There really is no excuse for not having a designated beneficiary, but things happen. The rules have softened the impact of having no designated beneficiary, however that still does not compare to being able to use a beneficiary’s actual life expectancy.

If there is no designated beneficiary and the IRA owner dies after his required beginning date (RBD), the longest possible distribution period for the IRA would be 15.3 years. However, that would only be the case if the IRA owner died on or after his RBD. For an IRA owner, the RBD is April 1st of the year after she turns 70½, which always falls in the second required distribution year. If the IRA owner turned 70½ years old in 2013, then her first distribution year is 2013, but her RBD is April 1, 2014, which is in the second distribution year. Death before that date means the IRA owner has died before reaching her RBD, even if she had already taken her first required distribution.

If the deceased IRA owner passed his RBD and there is no designated beneficiary, the IRA can be paid out over the remaining single life expectancy of the deceased IRAowner. The longest possible single life expectancy of an IRA owner who has passed his RBD is 16.3 years. That’s the life expectancy of a 71-year old. Distributions to the beneficiary must begin in the year after the IRA owner’s death and the factor is reducedby 1 each year, so the longest possible stretchout is 15.3 years, regardless of who ends up inheriting the IRA. It’s true that an IRA owner could be age 70 in his first distribution year, but if he died in that year, he would have died before his RBD and the IRA with no designated beneficiary would have to be paid out under the 5-year rule.

Example:
An IRA owner is 70½ years old in 2012 and for whatever reason has no designated beneficiary. The default language in the IRA custodial document says that at his death the IRA beneficiary is his estate. He dies in June 2013, which is after his RBD of April 1, 2013. If he died in 2012, his first required distribution year, he would have died beforehis RBD, and with no designated beneficiary the heirs of his estate would be stuck with the 5-year payout. Since he died after his RBD, the IRA can be paid out over his remaining single life expectancy of 16.3 years based on his age in the year of death (age 71 in 2013). The first post-death required distribution must be taken by the end of 2014, the year after the IRA owner’s death. For the first beneficiary distribution, the life expectancy will be 15.3 years (the 16.3 years less one year). The15.3 years will be reduced by one for each succeeding year.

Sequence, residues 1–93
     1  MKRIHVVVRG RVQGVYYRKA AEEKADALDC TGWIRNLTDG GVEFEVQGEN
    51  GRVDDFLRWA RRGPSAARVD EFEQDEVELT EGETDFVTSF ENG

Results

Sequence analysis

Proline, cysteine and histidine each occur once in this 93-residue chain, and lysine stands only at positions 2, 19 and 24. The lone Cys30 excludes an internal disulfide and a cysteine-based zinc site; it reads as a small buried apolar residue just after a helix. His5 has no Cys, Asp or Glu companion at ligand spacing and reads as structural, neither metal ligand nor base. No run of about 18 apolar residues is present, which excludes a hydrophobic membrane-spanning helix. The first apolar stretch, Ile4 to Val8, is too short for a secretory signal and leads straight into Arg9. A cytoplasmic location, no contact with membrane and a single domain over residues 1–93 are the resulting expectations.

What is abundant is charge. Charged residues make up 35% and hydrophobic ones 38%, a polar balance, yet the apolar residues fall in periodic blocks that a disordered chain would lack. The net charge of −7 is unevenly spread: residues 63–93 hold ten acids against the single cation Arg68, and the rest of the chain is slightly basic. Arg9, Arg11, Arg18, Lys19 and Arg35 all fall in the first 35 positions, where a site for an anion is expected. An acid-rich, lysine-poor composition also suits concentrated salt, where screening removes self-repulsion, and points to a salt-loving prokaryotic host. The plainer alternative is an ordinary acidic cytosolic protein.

The above example illustrates the longest possible payout after death when there is no designated beneficiary. Most IRAs will be paid out sooner. In case you were wondering, the shortest possible payout with no designated beneficiary is not five years, but can be even less. If the IRA owner died after age 89, the remaining life expectancy would be less than five years. The single life expectancy for an 89-year old is 5.9 years. If he dies at age 89, the remaining payout on the IRA would be only 4.9 years. If he died after reaching 111 years of age, the entire IRA would have to be paid out in the year following the year of the IRA owner’s death. Under the rules, that is the only scenario where a complete payout would be required in the year after death.